6 abatement would be greater than the costs of the firm. At any higher level, the costs of the last little bit of abatement are greater than the benefits. c. The town and the plant might strike a bargain where the town pays the plant to abate. They would have to pay the plant a dollar amount equal at least up to the area of the triangle afe. In theory (Coase s theorem) the town would agree to pay for abatement up until the point where the WTP for additional abatement is equal to the firm s marginal cost. Any payment more than or equal to the plants total cost of abatement and less than or equal to the town s total WTP would be agreeable. If only the firms costs are compensated, then the firm would have no welfare gain and the town s welfare would improve by the area between the WTP curve and the MC curve. d. If the plant has no right to pollute, then the analysis would be the same as in the previous question, starting on the right, where 100% abatement would be required. Assuming that the firm compensates the town for its costs (at least dfe), the gains from the negotiations would accrue to the firm, but remember, its starting from a much worse situation and ends up much worse off under this allocation of rights than it did when it had the right to pollute at will. a. Expected benefits = 0.20 \$ \$ \$0=\$80. Since 80>70, it would pass the one-step test and would be recommended. b. If waiting would give a better idea about the expected payoffs, then it might make sense to wait until we have a better idea what the benefits are going to be. For example, if waiting one year would allow you to know for sure if the benefits will be zero, then it would make sense to wait. a. Complete vs. One-step : One-step simply tells whether the project s benefits are greater than the costs, it does not tell us what the efficient size of the project should be. Complete, on the other hand, gives us the information to identify the efficient size of the project. b. Impact vs. one-step: Impact typically considers a wider range of impacts, including impacts that can t be valued (at least not very well). c. One-step benefit-cost analysis vs. impact analysis: One step benefit-cost analysis puts a monetary value on all the impacts. Impact analysis simply lists all the impacts. The advantage of BCA is that it converts all impacts into comparable units, making it possible to come up with a clear yes or no policy recommendation. An advantage to impact analysis is that it doesn t require all impacts to be valued and since the valuation of many impacts is either difficult or impossible, impact analysis is able to be more complete in its list of impacts. a. The value of the marginal external cost = the distance between the MC S and the MC P d e or k L b. The area dihe c. f d. g e. The area ikh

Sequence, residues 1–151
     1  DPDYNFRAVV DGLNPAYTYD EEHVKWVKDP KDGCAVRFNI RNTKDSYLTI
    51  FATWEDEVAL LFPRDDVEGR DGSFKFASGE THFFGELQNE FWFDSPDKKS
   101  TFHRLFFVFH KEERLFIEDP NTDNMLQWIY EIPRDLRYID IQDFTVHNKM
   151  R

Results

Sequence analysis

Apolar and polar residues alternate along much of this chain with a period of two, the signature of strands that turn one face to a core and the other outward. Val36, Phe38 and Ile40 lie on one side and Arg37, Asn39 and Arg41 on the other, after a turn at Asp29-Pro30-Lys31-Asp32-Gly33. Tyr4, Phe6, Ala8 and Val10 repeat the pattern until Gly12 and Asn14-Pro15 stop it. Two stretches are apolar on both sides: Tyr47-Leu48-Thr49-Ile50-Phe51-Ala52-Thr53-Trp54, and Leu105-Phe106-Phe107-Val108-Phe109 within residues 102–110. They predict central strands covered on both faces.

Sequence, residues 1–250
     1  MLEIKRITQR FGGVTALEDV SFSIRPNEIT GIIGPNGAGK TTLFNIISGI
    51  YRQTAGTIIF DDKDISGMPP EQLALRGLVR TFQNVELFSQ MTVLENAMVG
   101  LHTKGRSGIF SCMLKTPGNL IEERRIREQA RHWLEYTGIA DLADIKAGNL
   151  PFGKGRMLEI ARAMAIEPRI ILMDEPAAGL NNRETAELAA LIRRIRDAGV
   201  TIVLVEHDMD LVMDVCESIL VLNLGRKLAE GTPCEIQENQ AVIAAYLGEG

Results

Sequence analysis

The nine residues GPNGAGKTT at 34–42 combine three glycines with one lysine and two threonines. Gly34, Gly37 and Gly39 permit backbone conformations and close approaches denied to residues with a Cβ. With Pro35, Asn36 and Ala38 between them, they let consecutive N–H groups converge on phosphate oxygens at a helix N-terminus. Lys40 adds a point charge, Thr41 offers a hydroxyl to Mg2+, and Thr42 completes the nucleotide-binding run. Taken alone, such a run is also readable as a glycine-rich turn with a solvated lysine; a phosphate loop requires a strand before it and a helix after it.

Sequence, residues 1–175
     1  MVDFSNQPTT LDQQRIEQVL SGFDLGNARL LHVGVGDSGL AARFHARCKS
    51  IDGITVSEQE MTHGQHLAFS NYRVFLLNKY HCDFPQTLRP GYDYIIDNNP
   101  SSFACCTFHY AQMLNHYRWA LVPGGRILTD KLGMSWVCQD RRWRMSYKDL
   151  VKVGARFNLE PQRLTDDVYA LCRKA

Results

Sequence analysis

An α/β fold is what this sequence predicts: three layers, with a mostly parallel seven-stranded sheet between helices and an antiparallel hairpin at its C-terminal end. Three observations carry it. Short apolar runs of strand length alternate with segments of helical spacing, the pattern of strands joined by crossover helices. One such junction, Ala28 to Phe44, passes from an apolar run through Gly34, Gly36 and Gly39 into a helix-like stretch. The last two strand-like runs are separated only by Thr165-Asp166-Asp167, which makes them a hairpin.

7 7 f. the aea dka 29. a) The privately efficient point is where WTP = MC P (private marginal cost). If the cost is \$30 per trip, this occurs at 6 trips. b) Each trip Freddy takes imposes external costs on the people at the lake equal to \$10. Hence the social marginal cost = \$30 + \$10 = \$40 and the socially optimal number of trips would be 5. c) A daily tax of \$10 on obnoxious boats would lead to the socially efficient outcome. \$ WTP MC S. MC P % 30. a) A regulation is typically inflexible. A liability rule, on the other hand, would force boat owners to take into account the damage caused by their wakes. They ll choose a speed at which the benefit of speed is equal to the marginal cost to those affected by the wakes. The graph would follow those presented in lecture 8. Note: a very similar type of a question could be asked with regard to bargaining. b) Increasing the speed of a boat leads to increases in the net benefits to boat owners. The slight initial increases probably lead to relatively minor costs to the affected parties. Hence a side payment or bribe could be negotiated that would make the boat owners better off (their increase in benefits would be less than the bribe) and would also make the affected parties better off (the payment would be greater than the actual damages suffered). Since both parties are better off, there is a Pareto improvement. 31. False. Some pollution is a necessary byproduct of production. Even though society does not like pollution (i.e., is willing to pay to avoid it) the willingness to pay for many goods exceeds the willingness to pay to avoid the resulting pollution. Hence, it is socially efficient to have some pollution. You should be able to show this using a graph of a negative externality. Rent seeking is the use of resources in lobbying and other activities directed at securing protective legislation It seeks to increase the net benefits to the interest group but usually lowers net benefits to society as a whole. Coaseian bargaining, on the other hand, is the use of sidepayments to convince the other party to do what you desire. Coaseian bargaining leads to a Pareto improvement relative to the original allocation.